You may be studying to get your driver's license for the first time, or perhaps you just passed your driving test. As a new driver, it's a good idea to learn and understand what the laws of the road are that you must obey. There are differences in how they are classified, ranging from an infraction to a felony. Here are what those differences are and what could cause you to be charged with them.
The majority of offenses on the road are known as infractions. Most tickets that are given out by police are in this category and they are mostly for minor to moderate offenses. Some examples of when you would receive an infraction are for mechanical problems with your car such as brake lights being out or too tinted windows. It could also be speeding just a bit over the limit.
An infraction usually is a simple fine and doesn't carry any jail time.
Misdemeanors are a definite step up from an infraction because they tend to carry a more hefty fine and the possibility of jail time. A misdemeanor is cited if there is the potential to put people at risk of injury, such as going through a red light, weaving, or crashing your car through a drive-thru window. Almost all accidents that could potentially cause damage to a property or injuries to people, or pose a threat to do so, are considered misdemeanors.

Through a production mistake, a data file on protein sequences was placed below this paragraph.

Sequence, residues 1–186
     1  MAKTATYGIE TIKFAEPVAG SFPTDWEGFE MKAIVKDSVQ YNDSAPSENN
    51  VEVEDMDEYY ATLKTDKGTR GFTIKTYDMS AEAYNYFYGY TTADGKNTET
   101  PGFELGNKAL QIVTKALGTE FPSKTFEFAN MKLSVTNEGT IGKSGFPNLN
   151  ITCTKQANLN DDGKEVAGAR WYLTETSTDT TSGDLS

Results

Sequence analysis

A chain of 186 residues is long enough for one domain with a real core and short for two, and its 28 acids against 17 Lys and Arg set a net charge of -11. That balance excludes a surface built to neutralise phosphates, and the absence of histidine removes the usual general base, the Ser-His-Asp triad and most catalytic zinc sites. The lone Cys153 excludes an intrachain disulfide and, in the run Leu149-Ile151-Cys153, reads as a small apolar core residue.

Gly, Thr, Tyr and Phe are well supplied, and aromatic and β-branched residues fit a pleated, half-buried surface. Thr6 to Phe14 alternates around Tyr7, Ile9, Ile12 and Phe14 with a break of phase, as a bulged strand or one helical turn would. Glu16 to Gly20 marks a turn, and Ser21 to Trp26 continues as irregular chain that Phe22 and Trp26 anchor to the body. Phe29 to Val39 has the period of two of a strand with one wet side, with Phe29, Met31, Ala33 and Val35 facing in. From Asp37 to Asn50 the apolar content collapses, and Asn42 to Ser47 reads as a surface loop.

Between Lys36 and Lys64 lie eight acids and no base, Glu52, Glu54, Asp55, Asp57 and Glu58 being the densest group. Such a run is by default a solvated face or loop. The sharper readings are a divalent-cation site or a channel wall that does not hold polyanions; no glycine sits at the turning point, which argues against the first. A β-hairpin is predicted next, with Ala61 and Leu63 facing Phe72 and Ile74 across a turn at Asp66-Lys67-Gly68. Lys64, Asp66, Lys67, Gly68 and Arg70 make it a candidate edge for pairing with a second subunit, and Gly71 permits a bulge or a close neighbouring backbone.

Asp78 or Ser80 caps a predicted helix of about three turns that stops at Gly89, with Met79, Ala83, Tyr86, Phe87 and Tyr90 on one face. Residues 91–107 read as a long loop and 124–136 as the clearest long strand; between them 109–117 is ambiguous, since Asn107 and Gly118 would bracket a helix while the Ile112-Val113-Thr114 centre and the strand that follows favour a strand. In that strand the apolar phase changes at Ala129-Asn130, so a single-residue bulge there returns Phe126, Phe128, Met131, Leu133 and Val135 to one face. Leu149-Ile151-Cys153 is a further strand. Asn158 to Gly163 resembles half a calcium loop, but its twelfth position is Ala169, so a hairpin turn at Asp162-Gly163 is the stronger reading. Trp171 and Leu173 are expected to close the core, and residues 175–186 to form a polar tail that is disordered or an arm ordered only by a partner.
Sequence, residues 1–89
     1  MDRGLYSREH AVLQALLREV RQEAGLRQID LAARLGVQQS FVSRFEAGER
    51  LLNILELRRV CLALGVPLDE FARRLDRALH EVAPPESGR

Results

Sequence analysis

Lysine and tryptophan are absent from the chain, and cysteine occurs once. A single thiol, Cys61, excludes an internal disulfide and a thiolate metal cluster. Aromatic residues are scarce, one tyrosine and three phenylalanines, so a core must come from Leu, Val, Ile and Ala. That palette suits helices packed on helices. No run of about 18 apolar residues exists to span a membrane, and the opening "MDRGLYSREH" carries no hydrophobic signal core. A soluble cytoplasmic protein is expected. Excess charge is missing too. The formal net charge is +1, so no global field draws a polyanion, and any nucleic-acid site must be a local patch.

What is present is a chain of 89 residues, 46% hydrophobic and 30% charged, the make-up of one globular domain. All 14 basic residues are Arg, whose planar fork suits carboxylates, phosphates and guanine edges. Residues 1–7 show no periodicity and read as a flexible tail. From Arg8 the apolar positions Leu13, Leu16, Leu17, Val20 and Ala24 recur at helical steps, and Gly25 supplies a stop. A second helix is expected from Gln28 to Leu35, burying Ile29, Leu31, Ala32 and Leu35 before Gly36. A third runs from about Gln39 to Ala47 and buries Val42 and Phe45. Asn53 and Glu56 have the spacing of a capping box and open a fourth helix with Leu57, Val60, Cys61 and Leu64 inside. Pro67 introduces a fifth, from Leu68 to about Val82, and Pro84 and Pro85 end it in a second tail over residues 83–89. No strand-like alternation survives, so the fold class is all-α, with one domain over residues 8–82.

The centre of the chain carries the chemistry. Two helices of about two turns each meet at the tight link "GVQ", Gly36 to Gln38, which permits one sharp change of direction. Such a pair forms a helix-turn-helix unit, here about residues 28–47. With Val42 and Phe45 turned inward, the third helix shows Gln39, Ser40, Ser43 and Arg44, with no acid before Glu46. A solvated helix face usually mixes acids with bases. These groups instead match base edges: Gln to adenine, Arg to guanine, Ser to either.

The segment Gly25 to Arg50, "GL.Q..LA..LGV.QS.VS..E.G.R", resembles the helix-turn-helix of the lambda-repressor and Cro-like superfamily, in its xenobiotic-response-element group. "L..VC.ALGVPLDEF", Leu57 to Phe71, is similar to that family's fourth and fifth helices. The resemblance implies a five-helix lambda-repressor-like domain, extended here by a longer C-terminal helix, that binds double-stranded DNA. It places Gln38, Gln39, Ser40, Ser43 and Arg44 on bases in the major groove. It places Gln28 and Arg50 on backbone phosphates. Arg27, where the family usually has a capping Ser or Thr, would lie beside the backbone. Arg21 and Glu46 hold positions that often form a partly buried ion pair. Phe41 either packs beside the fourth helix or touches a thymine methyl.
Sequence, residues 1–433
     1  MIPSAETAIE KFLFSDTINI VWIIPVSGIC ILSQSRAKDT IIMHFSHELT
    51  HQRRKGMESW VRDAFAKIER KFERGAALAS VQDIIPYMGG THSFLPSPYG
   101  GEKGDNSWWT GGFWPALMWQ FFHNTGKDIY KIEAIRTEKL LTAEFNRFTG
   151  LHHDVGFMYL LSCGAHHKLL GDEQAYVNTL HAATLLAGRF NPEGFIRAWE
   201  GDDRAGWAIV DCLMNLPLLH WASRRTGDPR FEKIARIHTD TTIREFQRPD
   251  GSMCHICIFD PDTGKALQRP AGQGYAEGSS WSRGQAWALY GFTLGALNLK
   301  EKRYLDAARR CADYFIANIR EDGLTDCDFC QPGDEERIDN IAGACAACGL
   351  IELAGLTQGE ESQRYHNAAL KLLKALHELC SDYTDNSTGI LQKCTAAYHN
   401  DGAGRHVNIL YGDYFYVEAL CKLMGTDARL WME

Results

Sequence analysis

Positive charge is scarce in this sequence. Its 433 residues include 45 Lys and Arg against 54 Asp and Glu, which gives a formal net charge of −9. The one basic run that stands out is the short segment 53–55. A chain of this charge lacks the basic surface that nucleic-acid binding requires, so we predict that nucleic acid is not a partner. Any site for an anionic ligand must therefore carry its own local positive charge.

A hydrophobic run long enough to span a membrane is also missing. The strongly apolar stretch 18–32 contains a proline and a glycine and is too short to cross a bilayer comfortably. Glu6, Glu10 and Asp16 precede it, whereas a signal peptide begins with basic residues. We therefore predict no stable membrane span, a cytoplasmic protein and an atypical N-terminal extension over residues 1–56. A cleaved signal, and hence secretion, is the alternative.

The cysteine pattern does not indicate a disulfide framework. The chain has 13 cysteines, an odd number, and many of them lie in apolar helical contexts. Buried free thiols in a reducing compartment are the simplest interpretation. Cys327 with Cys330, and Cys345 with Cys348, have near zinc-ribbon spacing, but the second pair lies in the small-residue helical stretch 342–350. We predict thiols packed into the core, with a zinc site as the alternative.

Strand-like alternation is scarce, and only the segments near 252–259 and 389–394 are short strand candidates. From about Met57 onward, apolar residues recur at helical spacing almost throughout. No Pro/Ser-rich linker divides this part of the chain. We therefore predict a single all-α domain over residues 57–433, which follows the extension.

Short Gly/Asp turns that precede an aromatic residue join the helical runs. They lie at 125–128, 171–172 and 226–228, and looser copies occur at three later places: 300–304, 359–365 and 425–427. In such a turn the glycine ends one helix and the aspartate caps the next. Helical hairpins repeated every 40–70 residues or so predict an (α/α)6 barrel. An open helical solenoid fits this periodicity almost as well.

Misdemeanors are punishable by a fine and the potential to spend time in jail. This will vary depending on what state you live in as well as what is considered a misdemeanor in that state.
For example, some common misdemeanors (in most states) are, driving under the influence of alcohol or drugs, failing to stop at the scene of an accident, driving without a license, driving without insurance, and reckless or dangerous driving.
Felonies are considered very serious crimes in every part of the law, and traffic law is no different. If you are convicted of a felony you could spend several years in prison, up to life in prison, and even be sentenced to death if it's deemed that the act was intentional and you meant to hurt someone.
Some examples of what would be considered a felony in traffic law could be repeated DUI/DWI convictions, serious hit and run accidents, including those in which the driver intended to hit a person and then drove away or the driver was driving too fast and lost control, and vehicular homicide.
If you are convicted of a felony while driving you may have restrictions placed on your rights as well, including the loss of your license. You may not be able to serve on a jury in some states and you may even lose your right to vote.
If you are ever charged with a misdemeanor or felony while driving, it's best to contact a traffic law attorney in your state to know what your rights are what fines or jail time you could be facing.